aka The Blind Dead; Night of the Blind Dead
(La Noche del Terror Ciego)
Director/Screenplay – Amando De Ossorio, Producer – Jose Antonio Perez Giner, Photography – Pablo Ripoll, Music – Anton Garcia Abril, Production Design – Jaime Duarte De Brito. Production Company – Plata Films S.A./Interfilme
Lone Fleming (Betty Turner), Elena Arpon (Virginia White), Cesar Bruner (Roger Wholen), Joseph Thelman (Pedro Cantal), Maria Silva (Maria), Rufino Ingles (Officer Olivera), Simon Arriaga (Morgue Attendant), Francisco Sanz (Professor Cantal), Veronica Llimera (Nina)
Virginia White meets her old school friend and former lesbian lover Betty Turner at a swimming pool. Betty’s friend Roger Wholen invites Virginia to join them on a train journey away for a weekend. Virginia becomes irritated as both Betty and Roger make moves on her and jumps off the train in the middle of nowhere. She seeks refuge in the ruins of the monastery of Berzano. That night, hooded zombies rise from their tombs and pursue and kill her. Returning in search of her, Betty and Roger discover that the monastery of Berzano is haunted by the undead zombies of an order of Templar Knights who made a Satanic pact for immortality, something that requires them to regularly ingest human blood.
Spanish director Amando De Ossorio emerged in the early 1960s making various continental Westerns. He had entered the horror genre a few years earlier with the unremarkable vampire film Malenka/Fangs of the Living Dead (1968). However, it was with Tombs of the Blind Dead that Amando De Ossorio carved a reputation for himself. The undead Knights Templar became his trademark and De Ossorio would go onto make a number of other Blind Dead films plus several other works in the horror genre (see below for Amando de Ossorio’s other films).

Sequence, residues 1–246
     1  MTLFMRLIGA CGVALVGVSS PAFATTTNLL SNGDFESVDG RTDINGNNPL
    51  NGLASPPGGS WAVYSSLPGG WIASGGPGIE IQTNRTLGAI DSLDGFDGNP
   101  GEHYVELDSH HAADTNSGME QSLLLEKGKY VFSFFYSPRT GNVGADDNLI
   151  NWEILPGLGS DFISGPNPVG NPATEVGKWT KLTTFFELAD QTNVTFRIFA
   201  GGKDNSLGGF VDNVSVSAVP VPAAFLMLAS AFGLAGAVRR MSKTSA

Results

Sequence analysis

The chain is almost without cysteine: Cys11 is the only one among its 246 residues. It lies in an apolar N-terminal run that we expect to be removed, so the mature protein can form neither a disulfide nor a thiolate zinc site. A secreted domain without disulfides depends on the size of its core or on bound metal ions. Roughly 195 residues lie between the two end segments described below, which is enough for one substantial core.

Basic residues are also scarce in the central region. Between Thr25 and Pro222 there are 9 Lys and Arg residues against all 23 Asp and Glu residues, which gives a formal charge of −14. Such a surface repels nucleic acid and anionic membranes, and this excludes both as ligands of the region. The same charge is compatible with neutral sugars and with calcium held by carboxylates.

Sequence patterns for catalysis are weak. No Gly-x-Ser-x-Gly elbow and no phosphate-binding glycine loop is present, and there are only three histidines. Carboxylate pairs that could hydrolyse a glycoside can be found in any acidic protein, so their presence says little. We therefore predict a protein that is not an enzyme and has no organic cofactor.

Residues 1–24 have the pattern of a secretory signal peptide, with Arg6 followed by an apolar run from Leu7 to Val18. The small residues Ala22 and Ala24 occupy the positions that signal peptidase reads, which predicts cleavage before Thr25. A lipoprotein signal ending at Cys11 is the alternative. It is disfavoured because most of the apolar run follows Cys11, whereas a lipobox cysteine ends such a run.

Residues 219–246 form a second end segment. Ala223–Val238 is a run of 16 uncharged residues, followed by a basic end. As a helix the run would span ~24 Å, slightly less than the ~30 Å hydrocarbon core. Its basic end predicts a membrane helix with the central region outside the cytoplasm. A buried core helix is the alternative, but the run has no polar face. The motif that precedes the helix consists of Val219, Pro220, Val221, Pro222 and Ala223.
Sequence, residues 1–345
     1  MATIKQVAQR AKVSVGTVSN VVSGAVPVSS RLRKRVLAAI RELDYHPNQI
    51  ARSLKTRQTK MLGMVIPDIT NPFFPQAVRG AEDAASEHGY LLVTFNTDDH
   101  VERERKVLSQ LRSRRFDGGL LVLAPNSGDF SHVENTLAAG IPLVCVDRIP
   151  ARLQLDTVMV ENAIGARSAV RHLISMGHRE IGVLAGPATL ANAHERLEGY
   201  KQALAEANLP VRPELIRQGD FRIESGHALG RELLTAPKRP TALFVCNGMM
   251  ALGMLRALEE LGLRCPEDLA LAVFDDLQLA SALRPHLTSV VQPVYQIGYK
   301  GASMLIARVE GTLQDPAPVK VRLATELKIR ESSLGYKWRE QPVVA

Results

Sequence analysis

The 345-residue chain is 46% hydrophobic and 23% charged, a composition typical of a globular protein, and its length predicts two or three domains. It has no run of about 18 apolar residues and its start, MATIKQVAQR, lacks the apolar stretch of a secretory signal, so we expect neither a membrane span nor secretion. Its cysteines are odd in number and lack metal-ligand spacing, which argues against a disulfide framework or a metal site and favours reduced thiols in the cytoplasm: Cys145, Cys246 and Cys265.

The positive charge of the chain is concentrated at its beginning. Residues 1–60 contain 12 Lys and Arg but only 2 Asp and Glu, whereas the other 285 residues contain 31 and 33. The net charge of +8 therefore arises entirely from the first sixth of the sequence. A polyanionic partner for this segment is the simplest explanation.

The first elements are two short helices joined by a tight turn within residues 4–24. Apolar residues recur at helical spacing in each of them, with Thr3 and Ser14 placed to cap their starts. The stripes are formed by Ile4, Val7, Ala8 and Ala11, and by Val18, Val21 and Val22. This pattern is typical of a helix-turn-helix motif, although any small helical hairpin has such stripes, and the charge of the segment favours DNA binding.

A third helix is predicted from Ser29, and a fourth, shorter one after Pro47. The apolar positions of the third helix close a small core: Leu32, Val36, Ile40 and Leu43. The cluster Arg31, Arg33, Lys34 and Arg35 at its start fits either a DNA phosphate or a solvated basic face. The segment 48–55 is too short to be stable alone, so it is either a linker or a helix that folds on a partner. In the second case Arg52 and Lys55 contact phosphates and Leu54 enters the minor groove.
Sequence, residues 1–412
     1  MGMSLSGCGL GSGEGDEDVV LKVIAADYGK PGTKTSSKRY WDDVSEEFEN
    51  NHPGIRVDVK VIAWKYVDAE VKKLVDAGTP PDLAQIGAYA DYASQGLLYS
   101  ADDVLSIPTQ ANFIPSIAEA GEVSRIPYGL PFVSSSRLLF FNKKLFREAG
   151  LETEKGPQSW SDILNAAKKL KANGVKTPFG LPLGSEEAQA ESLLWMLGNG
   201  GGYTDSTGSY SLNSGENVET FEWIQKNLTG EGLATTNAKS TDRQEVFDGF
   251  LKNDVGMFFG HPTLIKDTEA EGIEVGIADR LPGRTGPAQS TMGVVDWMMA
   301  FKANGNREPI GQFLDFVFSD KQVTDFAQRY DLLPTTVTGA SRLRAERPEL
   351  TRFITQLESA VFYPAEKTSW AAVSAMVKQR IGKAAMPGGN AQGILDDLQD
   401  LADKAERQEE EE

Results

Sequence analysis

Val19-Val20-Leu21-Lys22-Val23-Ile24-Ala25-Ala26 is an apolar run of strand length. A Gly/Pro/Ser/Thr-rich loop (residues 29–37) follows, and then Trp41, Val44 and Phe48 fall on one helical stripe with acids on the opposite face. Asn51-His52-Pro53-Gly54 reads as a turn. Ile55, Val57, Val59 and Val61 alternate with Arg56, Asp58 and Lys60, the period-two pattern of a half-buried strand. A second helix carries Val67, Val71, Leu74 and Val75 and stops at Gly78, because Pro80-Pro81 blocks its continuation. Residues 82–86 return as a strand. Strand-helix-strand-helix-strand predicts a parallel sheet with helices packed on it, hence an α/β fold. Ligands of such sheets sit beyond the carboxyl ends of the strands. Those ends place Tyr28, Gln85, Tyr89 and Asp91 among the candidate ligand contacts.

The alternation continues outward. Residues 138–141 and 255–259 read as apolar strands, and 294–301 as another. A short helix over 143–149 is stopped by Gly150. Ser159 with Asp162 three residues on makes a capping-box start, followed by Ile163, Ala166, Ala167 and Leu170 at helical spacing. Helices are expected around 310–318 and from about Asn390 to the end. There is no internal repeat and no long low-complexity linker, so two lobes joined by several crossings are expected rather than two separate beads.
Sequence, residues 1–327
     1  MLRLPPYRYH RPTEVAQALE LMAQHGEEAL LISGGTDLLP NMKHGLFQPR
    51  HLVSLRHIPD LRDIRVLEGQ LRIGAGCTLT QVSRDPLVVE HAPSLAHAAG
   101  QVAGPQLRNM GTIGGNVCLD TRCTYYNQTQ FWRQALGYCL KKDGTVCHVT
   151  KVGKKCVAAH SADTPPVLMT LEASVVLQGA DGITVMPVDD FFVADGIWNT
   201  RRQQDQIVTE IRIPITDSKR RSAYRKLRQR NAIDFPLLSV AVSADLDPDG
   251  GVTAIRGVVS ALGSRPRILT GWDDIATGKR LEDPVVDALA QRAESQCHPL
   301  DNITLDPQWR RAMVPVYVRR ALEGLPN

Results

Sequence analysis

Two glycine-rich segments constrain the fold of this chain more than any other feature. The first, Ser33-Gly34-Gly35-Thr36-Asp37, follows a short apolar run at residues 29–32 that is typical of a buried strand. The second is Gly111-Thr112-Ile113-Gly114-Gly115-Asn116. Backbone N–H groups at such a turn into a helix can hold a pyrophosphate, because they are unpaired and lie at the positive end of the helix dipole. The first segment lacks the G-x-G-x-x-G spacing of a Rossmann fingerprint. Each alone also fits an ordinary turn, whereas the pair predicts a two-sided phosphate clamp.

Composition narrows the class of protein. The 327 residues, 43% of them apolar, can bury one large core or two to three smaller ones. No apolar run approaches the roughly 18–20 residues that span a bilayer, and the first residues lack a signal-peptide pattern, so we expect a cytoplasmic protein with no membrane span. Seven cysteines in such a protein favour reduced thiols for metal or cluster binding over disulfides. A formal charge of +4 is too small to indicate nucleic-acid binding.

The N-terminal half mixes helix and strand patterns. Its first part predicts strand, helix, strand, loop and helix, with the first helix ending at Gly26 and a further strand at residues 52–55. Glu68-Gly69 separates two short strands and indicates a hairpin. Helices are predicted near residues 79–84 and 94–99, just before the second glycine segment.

Tombs of the Blind Dead was almost certainly influenced by the cult success of George Romero’s zombie film Night of the Living Dead (1969). As a film, Tombs of the Blind Dead is slim on plot – Elena Arpon’s reasons for getting off the train are highly contrived, for instance. However, Amando De Ossorio soon develops a remarkable atmosphere. The images of the rotting Templars rising from their graves, the slow-motion horse chase, the images of skeletal hands coming through walls and doors, all accompanied by a sepulchral, incredibly atmospheric score, comes with unearthly effect.
The climax of the film is superbly sustained – with a gripping scene where Lone Fleming manages to avoid the blind zombie Templars all around her by staying still and being quiet but they then managing to hear her amplified heartbeat, and a seat-edge slow motion chase across the open field to get to the passing train. The subsequent bloodbath aboard the train, which tries to copy Night of the Living Dead, is disappointingly bloodless.
There is a certain undertow of sadism against women in the film – in one scene, a topless women is tied up and whipped to death. On the other hand, compared to Amando De Ossorio’s countryman Jesus Franco’s extraordinarily sadistic output, Tombs of the Blind Dead is a model of chastity (something that De Ossorio certainly left behind in later films). The female leads remain clothed – when Elena Arpon undresses all we see is her bare butt and bra. There is a lesbian love scene but it is an enchantingly poetic one where the girls remained clothed and the steam and sounds of the train from where the flashback is occurring intrude into the scene with appealingly surreal effect.
The other Blind Dead films are:– Attack of the Blind Dead/Return of the Blind Dead/Return of the Evil Dead (1973), The Ghost Galleon (1974) and Night of the Seagulls (1975). Most of these hide under a variety of alternate titles and video versions so obtaining an accurate listing or even an accurate chronology can prove confusing. The series was revived with the Italian-made Curse of the Blind Dead (2020). Mansion of the Living Dead (1985) was a loose uncredited remake directed by Jess Franco.
Outside of the Blind Dead series, Amando De Ossorio’s other horror films are:- Malenka/Fangs of the Living Dead (1969), The Loreley’s Grasp/When the Screaming Stops (1973), Night of the Sorcerers (1974), Demon Witch Child (1975) and The Sea Serpent (1984).